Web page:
Written by Retirement Line
Last Updated: 17th January 2024
A surprising number of people approaching retirement have lost track of their pensions over the years. It’s left billions of pounds in valuable retirement funds unclaimed. Here’s how – and why – you should check for your lost or forgotten pension funds.
The Pensions Policy Institute (PPI) carried out a study which revealed that over 2.8 million pension pots are considered lost – an increase of 75% over the last four years. To help reunite UK pension savers with their money, the PPI is encouraging people to take action to trace their lost pension pots worth a total of £26.6 billion.
In this guide, we'll explore the importance of searching for lost pensions, particularly as you approach retirement, and how to track them down.
For those of us approaching retirement or already enjoying it, every penny counts. When people change jobs, move house, retire, or if their employers undergo mergers or restructure, pension plans can get lost. This means you might have money sitting in a forgotten pension account that could enhance your retirement savings.
By taking the time to trace your old pension pots, no matter how small, the collective funds could provide you with a financial boost in retirement – or fund some long-awaited retirement adventures!
If you have one or more lost pension pots then you won’t be keeping an eye on how your money in them is being invested. As some people approach retirement, they take a lower-risk strategy with their investments to protect their money. This is known as ‘lifestyling’.
In its simplest terms, lifestyling means gradually moving your pension funds from riskier, higher-growth assets, such as shares, into lower-risk assets. Whilst this means that your money has a lower potential of returns, you have a better chance of protecting your nest egg. This helps to ensure it doesn’t fall in value just before you retire.
Once you find your lost pensions, you’ll be able to keep a close eye on their performance until you’re ready to access your money by purchasing an annuity, for example.
By putting in the time now to trace your old pensions, you can make the process of retirement much smoother and hassle-free. Once you have found all your old pension pots, you may even choose to consolidate them into one easy-to-manage pension fund.
There are a number of potential benefits to consolidating your pension funds. Having one larger pot can make it easier for you to keep an eye on how your investments are performing. In addition, if you choose an annuity for some or all of your retirement income, you might achieve better rates and income if you have one larger fund to fund your annuity purchase.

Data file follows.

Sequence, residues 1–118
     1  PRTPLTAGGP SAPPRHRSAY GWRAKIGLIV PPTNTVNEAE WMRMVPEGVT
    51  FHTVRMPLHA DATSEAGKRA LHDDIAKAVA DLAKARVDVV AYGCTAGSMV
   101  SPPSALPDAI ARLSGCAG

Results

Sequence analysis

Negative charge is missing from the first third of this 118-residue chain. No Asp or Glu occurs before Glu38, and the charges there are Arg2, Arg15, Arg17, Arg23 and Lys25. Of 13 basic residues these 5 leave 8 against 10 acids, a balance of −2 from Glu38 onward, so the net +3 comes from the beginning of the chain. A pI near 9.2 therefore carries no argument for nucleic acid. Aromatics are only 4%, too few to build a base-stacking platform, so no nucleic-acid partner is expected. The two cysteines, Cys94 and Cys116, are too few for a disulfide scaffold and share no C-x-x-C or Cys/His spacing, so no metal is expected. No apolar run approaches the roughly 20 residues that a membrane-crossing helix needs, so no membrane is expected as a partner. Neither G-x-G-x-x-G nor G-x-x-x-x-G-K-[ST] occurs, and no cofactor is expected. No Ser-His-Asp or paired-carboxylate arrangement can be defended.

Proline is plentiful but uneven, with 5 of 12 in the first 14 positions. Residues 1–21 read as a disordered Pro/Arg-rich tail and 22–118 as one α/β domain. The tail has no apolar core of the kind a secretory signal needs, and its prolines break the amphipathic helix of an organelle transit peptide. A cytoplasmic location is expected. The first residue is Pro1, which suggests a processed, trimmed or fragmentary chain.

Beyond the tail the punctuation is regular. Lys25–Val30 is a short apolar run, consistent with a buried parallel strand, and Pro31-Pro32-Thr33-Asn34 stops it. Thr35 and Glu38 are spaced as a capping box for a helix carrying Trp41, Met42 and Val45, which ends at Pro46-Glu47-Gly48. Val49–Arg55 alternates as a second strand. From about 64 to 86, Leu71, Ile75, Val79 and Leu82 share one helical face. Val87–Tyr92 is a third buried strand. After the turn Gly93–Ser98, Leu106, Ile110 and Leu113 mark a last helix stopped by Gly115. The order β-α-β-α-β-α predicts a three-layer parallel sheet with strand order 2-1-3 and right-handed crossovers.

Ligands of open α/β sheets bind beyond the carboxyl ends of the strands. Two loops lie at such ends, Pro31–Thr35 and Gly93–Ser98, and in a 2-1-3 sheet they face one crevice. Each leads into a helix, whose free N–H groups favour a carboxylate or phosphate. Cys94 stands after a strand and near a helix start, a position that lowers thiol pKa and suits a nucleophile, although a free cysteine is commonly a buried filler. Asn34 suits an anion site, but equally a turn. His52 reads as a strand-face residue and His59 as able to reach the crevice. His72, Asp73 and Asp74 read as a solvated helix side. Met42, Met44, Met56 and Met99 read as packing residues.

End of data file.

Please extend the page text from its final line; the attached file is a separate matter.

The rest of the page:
Consolidation isn’t for everyone, however. For example, you may have pension savings in a scheme with valuable benefits that would be lost if you transfer them to another scheme. The government-backed Money Helper website has useful information about consolidation. You may also wish to seek specialist guidance or advice before making a decision.
It’s easy to put financial tasks such as these off for another day, but consider what happens should something happen to you. The responsibility might fall to your family to locate and claim your untraced funds. It could be particularly challenging for them to access these pension pots if you are no longer around.
By proactively searching for lost pensions, you can simplify the financial affairs of your estate, ensuring your family faces fewer challenges at an already difficult time.
Tracing lost pensions can be a straightforward process today thanks to the services available in the UK specifically designed to assist you.
Most pension schemes do send a statement each year so it’s worth checking through your document files, drawers or anywhere else you might store important paperwork. If you can find anything with the name of your employer or pension scheme then this will give you a good starting point.
If you no longer get any pension statements, perhaps because you have moved house at some point without updating your scheme provider, then you can contact:
Your pension provider. If you know the name of your provider but are not receiving your annual statements then contact them to update your details and request a pension statement.
Before you contact them, it would be helpful to have your plan number, your date of birth, your National Insurance number and the date your pension was set up.
Your former employer. If you have a workplace pension but cannot remember the scheme provider then contacting your former employer should help you to trace it.
Having the following details to hand when you speak to the HR department will help: your date of birth, your National Insurance number, when you worked there and when the pension was set up.
The Pension Tracing Service. If you don’t know the details of your pension scheme/s and cannot get in touch with your previous employer then you can use the Pension Tracing Service. This is a free government service that searches a database of more than 200,000 workplace and personal pension schemes to reconnect savers with their money.
By actively searching for lost pensions, you can trace unclaimed money, simplify your estate's financial affairs and keep a closer eye on how your money is invested. You might even find that the extra money sees you enjoying a higher retirement income for life.
Don't let your hard-earned retirement savings slip through the cracks. Start the search for your lost pensions today… your future self will thank you!
Remember, after tracing your old pension schemes you can use our free online tool to find out how much retirement income you could achieve from your pension fund.
Call now and talk to an Annuity Specialist about how we can boost your annuity income in retirement0800 652 1316